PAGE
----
SAN FRANCISCO (01/04/2000) - I'm having a high-fat breakfast at Il Fornaio in San Francisco with George, the smuggest man in the world. He doesn't have a dot-com. He's not a 22-year-old entrepreneur. He doesn't want to make insanely great products. He's 50, fat, happy and has something that everyone really wants.
"Michael, here's my Net play. This is about controlling key resources when the low cost of capital makes starting a business about as tough as starting your car."
He waves to the rock-star waiter, who glides over and services his coffee cup with rapt attention.
"So how does it start? Joe Schmo stops waiting for Quake III to come out on the Macintosh and has a stupid idea for a business: Sell umbrellas online. He rings Jane, Jack and Jill Schmo, who have terrible jobs in finance, marketing and engineering at Sun, Oracle and some hardware company no one's ever heard of.
They do bong hits on the second floor of some San Francisco triplex with windows featuring uniquely curved antique glass, and boom, it's the next wannabe Amazon.com. Big whoop-de-do."
He waves hungrily to a tall blonde woman outside.
"You know her?" I ask.
"Sure. Fixed her up in a hot little South of Market deal. She can live-work my space any day. Anyway, Joe Schmo shared an A-frame at Stanford with Dick Dollar, whose daddy is a big shit on Sand Hill Road, and Dickie got a free pass through the MBA factory and ended up in the mailroom at some Valley VC firm.
Dick goes skiing in Tahoe one weekend and breaks his leg, and he has five minutes in the hospital waiting room where his cell phone doesn't work and he actually has an idea, which totally freaks him out. He sets up his own venture firm. Ba-da-boom, ba-da-bing: Suddenly a new Kleiner Frigging Perkins is born."
I meet a lot of interesting characters in my line of work, and, apart from that, I usually enjoy it. "Go on," I say.
"So Joe Schmo the umbrella wunderkind rings up Dick Dollar, and they play Super Mario over at Dick's Pacific Heights condo, smoke a huge chubby and decide that they just have to get into bed together. Dick's new VC fund is basically his trust fund, his Visa card and his supermarket coupons all rolled into something that's beyond dumb money. I'm talking the dumbest money in the world, Ivana Trump money. ... Anyway, this sage financial institution gives Joe $30 million and cab fare."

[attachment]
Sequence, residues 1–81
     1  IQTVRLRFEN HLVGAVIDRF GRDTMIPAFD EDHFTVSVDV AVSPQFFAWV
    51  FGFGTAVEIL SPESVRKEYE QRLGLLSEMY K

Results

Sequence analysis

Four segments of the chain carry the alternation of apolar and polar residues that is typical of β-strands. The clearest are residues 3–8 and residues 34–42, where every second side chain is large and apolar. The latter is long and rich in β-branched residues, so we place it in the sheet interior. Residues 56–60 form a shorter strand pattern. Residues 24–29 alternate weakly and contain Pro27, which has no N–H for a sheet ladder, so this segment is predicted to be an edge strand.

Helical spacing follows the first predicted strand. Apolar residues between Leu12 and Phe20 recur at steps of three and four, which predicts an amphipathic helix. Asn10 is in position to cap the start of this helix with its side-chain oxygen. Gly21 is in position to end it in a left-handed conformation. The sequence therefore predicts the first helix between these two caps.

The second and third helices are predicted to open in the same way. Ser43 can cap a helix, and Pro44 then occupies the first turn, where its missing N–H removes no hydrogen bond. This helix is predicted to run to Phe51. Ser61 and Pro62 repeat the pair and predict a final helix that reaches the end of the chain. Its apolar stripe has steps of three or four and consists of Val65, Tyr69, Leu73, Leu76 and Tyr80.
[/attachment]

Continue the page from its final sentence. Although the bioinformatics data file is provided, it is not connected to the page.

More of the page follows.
Then George does something that I've never seen anyone do before, at breakfast, in San Francisco, at 9:30 in the morning: He pushes back his plate and lights a cigar. Nobody says a word.
"Now Joe Schmo has $30 million, and Jane, Jack and Jill hole up in Dick's spare room, which works for about a week. Then they get a rental unit in SoMa, and Jane, Jack and Jill hire all their friends until they run out of space. Then they move into slightly less shitty office space downtown because they're going up in the world. Jane, Jack and Jill hire all the people they've ever worked with and soon they run out of room again.
"They've spent all the money, but Dick Dollar is so unbelievably dumb that he gives these jokers more cabbage to protect his franchise in the land rush to stake out turf in the online umbrella wars. So they get another $20 million.
And magazines like yours stick Joe Schmo on the cover and do little sidebars on his innovative business model, which basically involves new technology for pulling the wool over the eyes of people like Dick Dollar and a growing audience of gullible online investors."
"For the record," I demur, "we've never actually put an umbrella vendor on our cover."
"Don't wait too long. I know Upside has one in the works. At any rate, Jane, Jill and Jack hire everyone they've ever met while sharing an elevator or a taxi, then everyone in San Francisco with an SUV, and pretty soon they've got a gazillion people on payroll. So what do they need? A big, new building with plenty of parking for all those big new SUVs bought with Internet Economy monopoly money. That's where I come in."
He slaps his large, expensively shirted stomach with the ease of a man no longer even pretending to have once been thin.
"I got the big boxes -- 400 occupancy, 600 occupancy! Tower blocks! City blocks! And JoeSchmo.com wants 'em. Who's my favorite client? Young, dumb and full of dot-com. Ba-da-bing, ba-da-boom! Forget the virtual land rush; this is a real land rush."
I was going to ask George if he knew of any cool office space available in the city immediately, but decided against it.
Rapidly expanding Internet Economy firm seeks new premises. Send floor plans to email@example.com.